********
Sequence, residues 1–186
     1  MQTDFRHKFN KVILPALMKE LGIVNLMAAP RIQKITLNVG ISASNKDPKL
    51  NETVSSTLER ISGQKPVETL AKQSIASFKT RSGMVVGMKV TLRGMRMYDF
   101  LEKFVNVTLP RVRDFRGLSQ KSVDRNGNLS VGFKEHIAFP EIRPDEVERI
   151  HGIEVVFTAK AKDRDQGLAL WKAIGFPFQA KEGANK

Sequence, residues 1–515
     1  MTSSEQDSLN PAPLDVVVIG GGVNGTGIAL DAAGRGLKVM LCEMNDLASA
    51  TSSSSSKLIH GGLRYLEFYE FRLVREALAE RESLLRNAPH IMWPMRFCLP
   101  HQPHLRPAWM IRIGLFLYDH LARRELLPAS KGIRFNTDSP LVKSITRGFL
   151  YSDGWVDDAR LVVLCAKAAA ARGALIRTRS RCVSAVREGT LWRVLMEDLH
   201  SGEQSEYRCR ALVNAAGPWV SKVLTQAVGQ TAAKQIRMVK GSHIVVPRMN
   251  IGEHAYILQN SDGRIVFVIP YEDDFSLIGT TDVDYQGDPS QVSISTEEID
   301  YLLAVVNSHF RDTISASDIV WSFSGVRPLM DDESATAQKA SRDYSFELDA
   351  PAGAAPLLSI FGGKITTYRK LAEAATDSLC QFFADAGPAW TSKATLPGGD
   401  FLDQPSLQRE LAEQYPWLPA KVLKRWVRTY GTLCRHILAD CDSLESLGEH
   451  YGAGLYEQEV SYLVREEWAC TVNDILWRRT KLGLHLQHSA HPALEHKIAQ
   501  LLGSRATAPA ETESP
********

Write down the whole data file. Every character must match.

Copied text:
Sequence, residues 1–186
     1  MQTDFRHKFN KVILPALMKE LGIVNLMAAP RIQKITLNVG ISASNKDPKL
    51  NETVSSTLER ISGQKPVETL AKQSIASFKT RSGMVVGMKV TLRGMRMYDF
   101  LEKFVNVTLP RVRDFRGLSQ KSVDRNGNLS VGFKEHIAFP EIRPDEVERI
   151  HGIEVVFTAK AKDRDQGLAL WKAIGFPFQA KEGANK

Sequence, residues 1–515
     1  MTSSEQDSLN PAPLDVVVIG GGVNGTGIAL DAAGRGLKVM LCEMNDLASA
    51  TSSSSSKLIH GGLRYLEFYE FRLVREALAE RESLLRNAPH IMWPMRFCLP
   101  HQPHLRPAWM IRIGLFLYDH LARRELLPAS KGIRFNTDSP LVKSITRGFL
   151  YSDGWVDDAR LVVLCAKAAA ARGALIRTRS RCVSAVREGT LWRVLMEDLH
   201  SGEQSEYRCR ALVNAAGPWV SKVLTQAVGQ TAAKQIRMVK GSHIVVPRMN
   251  IGEHAYILQN SDGRIVFVIP YEDDFSLIGT TDVDYQGDPS QVSISTEEID
   301  YLLAVVNSHF RDTISASDIV WSFSGVRPLM DDESATAQKA SRDYSFELDA
   351  PAGAAPLLSI FGGKITTYRK LAEAATDSLC QFFADAGPAW TSKATLPGGD
   401  FLDQPSLQRE LAEQYPWLPA KVLKRWVRTY GTLCRHILAD CDSLESLGEH
   451  YGAGLYEQEV SYLVREEWAC TVNDILWRRT KLGLHLQHSA HPALEHKIAQ
   501  LLGSRATAPA ETESP